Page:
Can you guess the famous poems?

a sextet of famous poetry bastardised by formality

James Khan
Nov 15 · 2 min read

The openings to six beautiful and well-known poems have been subjected to the unforgivable torment of being transformed into clinical prose.

Please forgive me…while you are trying to figure out which classics are hidden within this joyless vernacular.

“Can concurrences in presentation balance between the immediate objective pronoun party and a designated interim time-frame in the atypically warmer meteorological quadmester rotation?”

“It transpired that the penultimate evening of Gregorian advent hosted — in respect of complete domiciliary pervasiveness — a distinct lack of animation from all parties present up to and including ‘mus musculus rodentia’.”

“One maundered in alienated mimicry of flocculent water vapour levitating at high altitude above pastoral prominence and depression prior to impromptu observation of aureate ‘Narcissus pseudonarcissus’ in abundance.”

“Abstain from wending with mansuetude in relation to laudable nocturnal manifest; superannuated longevity is obligated to deflagrate hysterically during diurnal terminus therefore exercise repeated vituperative paroxysm adversely directed toward moribund illumination.”

“Addressing twice the preeminent maritime overseer a cri de couer reveals the collective odyssey of trepidation has achieved its climax; galleass integrity is proven through environmental conditioning and reconnoitre has prevailed yielding competitive reward.”

“It is noted during peregrinations along statutorily facilitated thoroughfares, bypassing the similarly levied landmark estuary that multifarious countenances encountered forthwith possess lineaments betraying traits of despondent infirmity.”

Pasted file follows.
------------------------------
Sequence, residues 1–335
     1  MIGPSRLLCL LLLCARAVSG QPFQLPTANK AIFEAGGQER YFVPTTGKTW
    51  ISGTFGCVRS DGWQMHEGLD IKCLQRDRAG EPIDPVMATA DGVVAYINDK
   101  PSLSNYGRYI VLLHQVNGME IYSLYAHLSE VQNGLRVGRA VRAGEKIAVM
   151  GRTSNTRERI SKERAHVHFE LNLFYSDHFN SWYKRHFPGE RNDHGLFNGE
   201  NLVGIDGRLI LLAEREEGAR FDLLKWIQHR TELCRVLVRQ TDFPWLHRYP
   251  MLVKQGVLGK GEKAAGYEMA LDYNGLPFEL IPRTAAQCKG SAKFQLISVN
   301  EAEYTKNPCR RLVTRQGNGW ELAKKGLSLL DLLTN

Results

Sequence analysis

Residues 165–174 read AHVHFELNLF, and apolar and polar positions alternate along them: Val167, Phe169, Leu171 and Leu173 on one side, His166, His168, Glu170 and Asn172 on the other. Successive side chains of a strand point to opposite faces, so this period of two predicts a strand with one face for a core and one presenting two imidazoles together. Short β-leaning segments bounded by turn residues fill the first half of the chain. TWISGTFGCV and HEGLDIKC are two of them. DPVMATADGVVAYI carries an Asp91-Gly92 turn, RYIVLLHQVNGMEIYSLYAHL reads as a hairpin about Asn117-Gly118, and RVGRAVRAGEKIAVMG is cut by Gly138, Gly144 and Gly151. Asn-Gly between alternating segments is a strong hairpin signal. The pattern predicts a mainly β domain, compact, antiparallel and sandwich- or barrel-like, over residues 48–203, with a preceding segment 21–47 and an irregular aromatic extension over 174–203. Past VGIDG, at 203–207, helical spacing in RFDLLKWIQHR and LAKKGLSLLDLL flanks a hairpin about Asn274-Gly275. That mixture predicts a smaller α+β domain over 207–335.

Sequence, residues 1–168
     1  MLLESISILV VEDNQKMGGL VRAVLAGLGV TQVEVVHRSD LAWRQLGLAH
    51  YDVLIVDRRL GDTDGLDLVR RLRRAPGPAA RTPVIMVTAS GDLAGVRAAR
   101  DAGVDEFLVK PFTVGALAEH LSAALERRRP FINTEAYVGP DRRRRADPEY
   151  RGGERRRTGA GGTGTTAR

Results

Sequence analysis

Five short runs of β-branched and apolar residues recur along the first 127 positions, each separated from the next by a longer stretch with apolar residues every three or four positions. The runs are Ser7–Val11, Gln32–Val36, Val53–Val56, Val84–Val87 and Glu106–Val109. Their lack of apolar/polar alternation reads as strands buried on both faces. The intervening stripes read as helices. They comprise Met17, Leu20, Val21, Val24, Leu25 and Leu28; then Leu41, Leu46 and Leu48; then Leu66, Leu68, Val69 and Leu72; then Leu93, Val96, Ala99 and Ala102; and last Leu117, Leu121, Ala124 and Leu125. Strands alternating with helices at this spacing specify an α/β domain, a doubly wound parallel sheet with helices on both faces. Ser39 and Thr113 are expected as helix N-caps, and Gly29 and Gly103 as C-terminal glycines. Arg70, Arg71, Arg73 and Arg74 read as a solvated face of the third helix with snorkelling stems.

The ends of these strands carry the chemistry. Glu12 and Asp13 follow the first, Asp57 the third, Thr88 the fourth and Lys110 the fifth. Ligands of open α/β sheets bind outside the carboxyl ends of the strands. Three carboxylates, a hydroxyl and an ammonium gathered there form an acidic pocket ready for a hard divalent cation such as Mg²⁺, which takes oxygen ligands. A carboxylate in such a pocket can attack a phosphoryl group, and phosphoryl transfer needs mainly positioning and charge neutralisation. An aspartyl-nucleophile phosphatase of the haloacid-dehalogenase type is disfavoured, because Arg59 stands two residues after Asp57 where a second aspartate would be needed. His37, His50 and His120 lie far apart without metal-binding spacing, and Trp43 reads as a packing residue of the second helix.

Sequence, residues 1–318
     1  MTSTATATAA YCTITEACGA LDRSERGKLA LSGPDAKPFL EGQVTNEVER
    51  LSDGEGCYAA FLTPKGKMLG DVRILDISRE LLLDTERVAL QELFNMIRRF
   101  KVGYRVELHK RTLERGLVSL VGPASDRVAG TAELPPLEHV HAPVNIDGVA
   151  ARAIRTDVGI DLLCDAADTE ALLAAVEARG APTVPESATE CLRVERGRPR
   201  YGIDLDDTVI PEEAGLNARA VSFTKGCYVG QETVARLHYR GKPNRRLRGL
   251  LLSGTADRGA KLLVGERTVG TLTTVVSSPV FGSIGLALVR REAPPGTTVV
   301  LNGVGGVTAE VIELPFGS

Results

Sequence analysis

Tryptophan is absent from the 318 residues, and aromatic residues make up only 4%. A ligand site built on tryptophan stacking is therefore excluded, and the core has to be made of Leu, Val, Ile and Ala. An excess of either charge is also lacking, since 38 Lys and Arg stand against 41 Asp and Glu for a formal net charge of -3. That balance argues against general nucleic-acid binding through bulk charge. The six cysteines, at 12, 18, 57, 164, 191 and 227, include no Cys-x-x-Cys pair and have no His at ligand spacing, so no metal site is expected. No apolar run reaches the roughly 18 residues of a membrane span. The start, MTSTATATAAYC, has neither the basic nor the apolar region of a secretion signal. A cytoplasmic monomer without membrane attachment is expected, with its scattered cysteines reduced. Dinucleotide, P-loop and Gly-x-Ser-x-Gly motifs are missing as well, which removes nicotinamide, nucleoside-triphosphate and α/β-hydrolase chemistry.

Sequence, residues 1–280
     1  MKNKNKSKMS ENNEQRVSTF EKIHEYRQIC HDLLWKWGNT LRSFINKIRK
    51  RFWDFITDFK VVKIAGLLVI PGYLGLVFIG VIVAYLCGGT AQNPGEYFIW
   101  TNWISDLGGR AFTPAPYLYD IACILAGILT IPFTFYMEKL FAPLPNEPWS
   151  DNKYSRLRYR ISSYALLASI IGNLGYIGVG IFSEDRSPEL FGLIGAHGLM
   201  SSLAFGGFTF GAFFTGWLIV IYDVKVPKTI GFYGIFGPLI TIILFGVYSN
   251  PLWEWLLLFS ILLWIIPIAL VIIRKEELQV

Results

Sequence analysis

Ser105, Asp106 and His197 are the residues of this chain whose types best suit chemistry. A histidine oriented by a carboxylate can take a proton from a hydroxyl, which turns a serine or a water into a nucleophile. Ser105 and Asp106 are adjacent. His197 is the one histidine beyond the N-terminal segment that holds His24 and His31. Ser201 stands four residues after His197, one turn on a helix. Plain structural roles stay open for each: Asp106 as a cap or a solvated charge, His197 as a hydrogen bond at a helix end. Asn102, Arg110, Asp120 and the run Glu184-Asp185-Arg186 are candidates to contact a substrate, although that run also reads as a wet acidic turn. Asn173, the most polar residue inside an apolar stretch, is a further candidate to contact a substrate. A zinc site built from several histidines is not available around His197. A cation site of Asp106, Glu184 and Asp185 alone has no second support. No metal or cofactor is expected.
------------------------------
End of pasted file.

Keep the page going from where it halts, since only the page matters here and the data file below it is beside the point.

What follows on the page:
scroll down for the solutions


  1. “Shall I compare thee to a summer’s day?
    - William Shakespeare, “Sonnet 18"

2. “Twas the night before Christmas, when all through the house
Not a creature was stirring, not even a mouse”
-Clement Clarke Moore, “A visit from St. Nicholas”

3. “I wandered lonely as a cloud
That floats on high o’er vales and hills,“
When all at once I saw a crowd,
A host, of golden daffodils”
-William Wordsworth, “I wandered lonely as a cloud”

4. “Do not go gentle into that good night,
Old age should burn and rave at close of day;
Rage, rage against the dying of the light”
-Dylan Thomas, “Do not go gentle into that good night”

5. “O Captain! my Captain! our fearful trip is done,
The ship has weather’d every rack, the prize we sought is won,”
-Walt Whitman, “O Captain! My Captain!”

6. “I wander thro’ each charter’d street,
Near where the charter’d Thames does flow
And mark in every face I meet
Marks of weakness, marks of woe”
-William Blake, “London”

No Crime in Rhymin’

poetry that dares to be funny, edgy, irreverent

Thanks to Joe Váradi

James Khan

Written by

Six disorders, five kids, four dogs, three sheets to the wind, two busy to care, one way of life (and that’s your own…).

No Crime in Rhymin’

poetry that dares to be funny, edgy, irreverent

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